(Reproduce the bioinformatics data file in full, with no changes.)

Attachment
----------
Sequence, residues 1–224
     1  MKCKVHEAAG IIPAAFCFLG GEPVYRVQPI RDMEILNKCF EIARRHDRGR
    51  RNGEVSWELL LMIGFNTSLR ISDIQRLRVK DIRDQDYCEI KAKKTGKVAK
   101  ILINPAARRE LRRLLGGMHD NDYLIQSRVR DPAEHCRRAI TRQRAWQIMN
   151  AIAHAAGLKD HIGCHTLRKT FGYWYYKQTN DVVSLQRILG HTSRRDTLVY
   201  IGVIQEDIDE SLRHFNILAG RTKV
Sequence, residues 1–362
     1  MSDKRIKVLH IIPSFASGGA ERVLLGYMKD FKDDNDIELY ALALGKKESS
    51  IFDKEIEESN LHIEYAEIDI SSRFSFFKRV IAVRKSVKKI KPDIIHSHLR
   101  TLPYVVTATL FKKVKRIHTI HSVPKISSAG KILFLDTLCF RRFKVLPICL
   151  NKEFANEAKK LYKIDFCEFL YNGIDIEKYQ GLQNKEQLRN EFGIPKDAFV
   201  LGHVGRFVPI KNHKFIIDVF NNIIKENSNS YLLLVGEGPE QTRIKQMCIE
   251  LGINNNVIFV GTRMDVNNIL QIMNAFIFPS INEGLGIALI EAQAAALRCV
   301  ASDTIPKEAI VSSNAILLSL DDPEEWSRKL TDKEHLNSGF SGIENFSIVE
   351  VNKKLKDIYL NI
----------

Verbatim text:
Sequence, residues 1–224
     1  MKCKVHEAAG IIPAAFCFLG GEPVYRVQPI RDMEILNKCF EIARRHDRGR
    51  RNGEVSWELL LMIGFNTSLR ISDIQRLRVK DIRDQDYCEI KAKKTGKVAK
   101  ILINPAARRE LRRLLGGMHD NDYLIQSRVR DPAEHCRRAI TRQRAWQIMN
   151  AIAHAAGLKD HIGCHTLRKT FGYWYYKQTN DVVSLQRILG HTSRRDTLVY
   201  IGVIQEDIDE SLRHFNILAG RTKV
Sequence, residues 1–362
     1  MSDKRIKVLH IIPSFASGGA ERVLLGYMKD FKDDNDIELY ALALGKKESS
    51  IFDKEIEESN LHIEYAEIDI SSRFSFFKRV IAVRKSVKKI KPDIIHSHLR
   101  TLPYVVTATL FKKVKRIHTI HSVPKISSAG KILFLDTLCF RRFKVLPICL
   151  NKEFANEAKK LYKIDFCEFL YNGIDIEKYQ GLQNKEQLRN EFGIPKDAFV
   201  LGHVGRFVPI KNHKFIIDVF NNIIKENSNS YLLLVGEGPE QTRIKQMCIE
   251  LGINNNVIFV GTRMDVNNIL QIMNAFIFPS INEGLGIALI EAQAAALRCV
   301  ASDTIPKEAI VSSNAILLSL DDPEEWSRKL TDKEHLNSGF SGIENFSIVE
   351  VNKKLKDIYL NI